• Thursdays, 5-6:30PM- DV Support Group open to PLN’s Prevention & Aftercare referrals and anyone who is a victim of DV
    • Ongoing for 52 weeks

Expect Respect Teen Workshops


What is Expect Respect

  • Expect Respect is a safe space for teenagers to learn about setting boundaries, building and maintaining healthy relationships, and communication skills,. Teens often share they look forward to joining the group every week and see it as a form of self-care. This is a safe space for participants to learn about unhealthy boundaries and various strategies to respond to these patterns. Teens have often grown relationships with their peers outside of the group and beyond the sessions to maintain supporting one another.

Upcoming Workshops (Wednesdays 5-6 PM):  

  • 10/19/22 – Trick or Triggers – Teen Intimate Partner Violence Awareness
  • 11/9/22 – Grow, Glow, Gobble – Mindful Reflection
  • 12/14/22 – New Year, New Me – Goal Setting

Past Sessions Have Included:  

  • Discussions of
    • Relationship red flags
    • Boundary setting 
    • What you are comfortable with in relationships 
    • Identification of safe individuals to turn to for support 
    • Listening and reflecting together
    • Encouragement from DV survivors

    For more information, contact:  

    • Evelyn Leon
      • (323)801-6644
      • eleon@paralosninos.org
    • Ema Herrera 
      • (213)814-1550 Ext 717
      • eherrera@paralosninos.org 

    We asked three of our case managers with thirteen years of experience amongst them to share their observations on how DV’s impact on families and common barriers that survivors face.


    Q: How have you seen how DV affects families, particularly children?

    A: DV spreads fear that can isolate survivors. For instance, many of my clients do not not feel comfortable being forthright about their DV situation because they are afraid that the Department of Family and Children Services (DCFS) will remove their children. Many of them often say they want DV resources for a friend out of shame and fear.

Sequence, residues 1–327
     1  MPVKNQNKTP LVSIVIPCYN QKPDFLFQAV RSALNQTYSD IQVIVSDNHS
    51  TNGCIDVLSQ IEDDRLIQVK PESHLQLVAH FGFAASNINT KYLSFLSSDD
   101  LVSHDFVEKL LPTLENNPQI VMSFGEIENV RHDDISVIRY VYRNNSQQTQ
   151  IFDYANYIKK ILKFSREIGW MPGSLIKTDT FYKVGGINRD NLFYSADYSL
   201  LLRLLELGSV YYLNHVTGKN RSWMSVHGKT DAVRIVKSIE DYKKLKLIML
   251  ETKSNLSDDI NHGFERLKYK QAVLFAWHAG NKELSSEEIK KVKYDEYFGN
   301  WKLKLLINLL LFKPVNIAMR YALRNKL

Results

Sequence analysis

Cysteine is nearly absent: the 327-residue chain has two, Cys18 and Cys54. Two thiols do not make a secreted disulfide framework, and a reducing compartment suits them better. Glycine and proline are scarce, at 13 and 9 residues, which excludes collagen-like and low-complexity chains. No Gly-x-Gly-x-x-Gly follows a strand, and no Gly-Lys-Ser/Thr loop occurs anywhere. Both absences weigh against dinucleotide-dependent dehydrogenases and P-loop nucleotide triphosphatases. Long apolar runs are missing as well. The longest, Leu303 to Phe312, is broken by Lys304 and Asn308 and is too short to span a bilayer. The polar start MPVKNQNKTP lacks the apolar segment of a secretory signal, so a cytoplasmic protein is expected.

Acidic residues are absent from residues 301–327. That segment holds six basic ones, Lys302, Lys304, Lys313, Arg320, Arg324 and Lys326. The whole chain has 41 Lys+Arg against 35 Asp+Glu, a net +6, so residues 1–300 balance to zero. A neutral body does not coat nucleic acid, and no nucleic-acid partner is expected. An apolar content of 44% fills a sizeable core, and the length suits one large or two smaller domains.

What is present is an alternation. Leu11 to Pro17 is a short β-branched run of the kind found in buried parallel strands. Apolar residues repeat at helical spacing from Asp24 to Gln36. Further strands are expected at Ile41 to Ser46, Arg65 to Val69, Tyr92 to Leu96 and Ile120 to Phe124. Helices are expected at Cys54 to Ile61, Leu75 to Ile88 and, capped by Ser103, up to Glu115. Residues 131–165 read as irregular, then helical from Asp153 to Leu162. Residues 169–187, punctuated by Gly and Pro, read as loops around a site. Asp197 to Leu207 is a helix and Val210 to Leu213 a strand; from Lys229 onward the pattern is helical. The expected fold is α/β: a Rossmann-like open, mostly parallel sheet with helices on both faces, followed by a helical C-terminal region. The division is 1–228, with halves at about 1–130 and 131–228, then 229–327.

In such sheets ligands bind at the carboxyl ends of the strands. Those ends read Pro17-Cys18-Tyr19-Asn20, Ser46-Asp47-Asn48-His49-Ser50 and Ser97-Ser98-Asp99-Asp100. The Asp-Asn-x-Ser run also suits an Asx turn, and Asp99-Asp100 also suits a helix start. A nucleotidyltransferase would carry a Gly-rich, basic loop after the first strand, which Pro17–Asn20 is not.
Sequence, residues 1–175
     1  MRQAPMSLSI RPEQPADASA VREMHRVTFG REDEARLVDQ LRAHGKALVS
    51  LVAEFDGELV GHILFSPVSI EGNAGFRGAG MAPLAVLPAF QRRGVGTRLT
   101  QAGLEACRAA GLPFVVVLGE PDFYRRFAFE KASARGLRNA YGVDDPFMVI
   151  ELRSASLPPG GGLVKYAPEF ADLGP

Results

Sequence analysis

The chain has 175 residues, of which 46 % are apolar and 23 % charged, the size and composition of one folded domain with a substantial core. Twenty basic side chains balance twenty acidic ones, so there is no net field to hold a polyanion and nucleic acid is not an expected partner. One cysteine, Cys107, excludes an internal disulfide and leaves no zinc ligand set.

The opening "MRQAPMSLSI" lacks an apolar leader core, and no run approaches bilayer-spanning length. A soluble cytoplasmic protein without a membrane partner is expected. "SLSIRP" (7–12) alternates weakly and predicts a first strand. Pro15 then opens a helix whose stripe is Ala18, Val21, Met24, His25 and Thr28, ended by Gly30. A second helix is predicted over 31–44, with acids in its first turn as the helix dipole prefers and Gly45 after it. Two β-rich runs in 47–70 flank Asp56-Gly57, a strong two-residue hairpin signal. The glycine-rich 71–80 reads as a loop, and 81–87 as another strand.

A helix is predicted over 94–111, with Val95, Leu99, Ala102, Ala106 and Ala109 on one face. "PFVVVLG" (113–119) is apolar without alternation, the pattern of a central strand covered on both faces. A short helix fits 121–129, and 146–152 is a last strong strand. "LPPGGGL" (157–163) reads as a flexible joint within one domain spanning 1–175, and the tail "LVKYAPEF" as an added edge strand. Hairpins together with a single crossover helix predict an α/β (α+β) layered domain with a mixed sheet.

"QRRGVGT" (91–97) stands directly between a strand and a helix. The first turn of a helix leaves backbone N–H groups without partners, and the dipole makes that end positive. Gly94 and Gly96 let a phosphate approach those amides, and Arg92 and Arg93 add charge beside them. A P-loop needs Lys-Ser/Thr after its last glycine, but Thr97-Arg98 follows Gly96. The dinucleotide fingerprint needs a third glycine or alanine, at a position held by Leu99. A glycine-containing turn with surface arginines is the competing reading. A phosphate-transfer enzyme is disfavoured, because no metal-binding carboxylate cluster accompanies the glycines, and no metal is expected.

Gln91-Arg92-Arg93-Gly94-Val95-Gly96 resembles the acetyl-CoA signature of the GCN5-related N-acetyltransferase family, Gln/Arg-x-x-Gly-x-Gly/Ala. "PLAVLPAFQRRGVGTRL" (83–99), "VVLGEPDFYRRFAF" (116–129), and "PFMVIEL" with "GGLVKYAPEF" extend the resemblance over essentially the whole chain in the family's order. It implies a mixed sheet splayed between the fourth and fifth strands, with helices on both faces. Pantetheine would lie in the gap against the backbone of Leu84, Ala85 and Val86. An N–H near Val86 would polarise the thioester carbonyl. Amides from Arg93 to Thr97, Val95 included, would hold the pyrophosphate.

DV deeply affects children. It creates an environment that does not feel safe and prevents routines from being formed. As a result,  children are at higher risk for malnourishment, lack of clothing and material items, and emotional abuse, like gaslighting–imposing what is the abusive caretaker’s fault as their own.

    DV stunts children from growing into their fullest potential by blinding them from seeing how the world should be. DV also impacts their education as it is hard to focus at school when life at home is traumatic.

    Q: What are common barriers DV survivors often have that prevents them from moving forward?

    A: There are many:

    • Emotional Block – the abuse can convince survivors that they do not deserve or can do better
    • Immigration status
    • Financial hardships or economic reliance on partner’s income, having limited job skills
    • Shame of what their family will say
    • The fear of losing their children to the system
    • Housing instability
    • Language barriers, (eg – being only Spanish speakers or learning English in ESL)
    • Safety concerns (eg -from stalking, harassment, etc.)
    • Having mental/physical disabilit(ies)
    • Lack of transportation
    • Lack of social support
    • Fear of legal issues

    Resources and Support Lines

    • LA County Domestic Violence Hotline (24/7 Confidential): (800) 978-3600
    • National Domestic Violence Hotline (24/7 Confidential): (800) 799-7233
    • (800) 787-3224 (TTY) or text LOVEIS (capitalization does not matter) to 22522 *Msg & Data Rates may apply
    • National Deaf Domestic Violence Hotline (24/7 Confidential):
    • Video phone (only for Deaf callers): 1-855-812-1001
      • Email: nationaldeafhotline@adwas.org
    • Parent Hopeline: 323-790-LADL (5235)
    • LA County Child Abuse Hotline: (800) 540-4000 • (800) 272-6699 (TTY)
    • LA County Elder Abuse Reporting Hotline: (877) 477-3646
    • For LGBTQ-specific legal services to victims of crime:
      • Los Angeles LGBT Center at 323-993-7649
      • Email: legalservices@lalgbtcenter.org
      • LGBTQ Center Long Beach at 562-433-8595
      • Email: legalservices@centerlb.org
    • StrongHearts Native Helpline: Call or text 1-844-7NATIVE (762-8483) • https://strongheartshelpline.org/abuse
      • StrongHearts is a 24/7 safe, confidential and anonymous domestic, dating and sexual violence helpline for American Indians and Alaska Natives, offering culturally-appropriate support and advocacy.
    • S. Department of Veterans Affairs Vet Center (24/7 toll-free): 877-WAR VETS or 1-877-927-8387
      • There are five Vet Centers located within LA County: East Los Angeles, Antelope Valley, Chatsworth, West Los Angeles and Gardena.


    If you or someone you know are experiencing DV – you are not alone – please contact a resource above or call our Prevention & Aftercare Team at 213-814-1550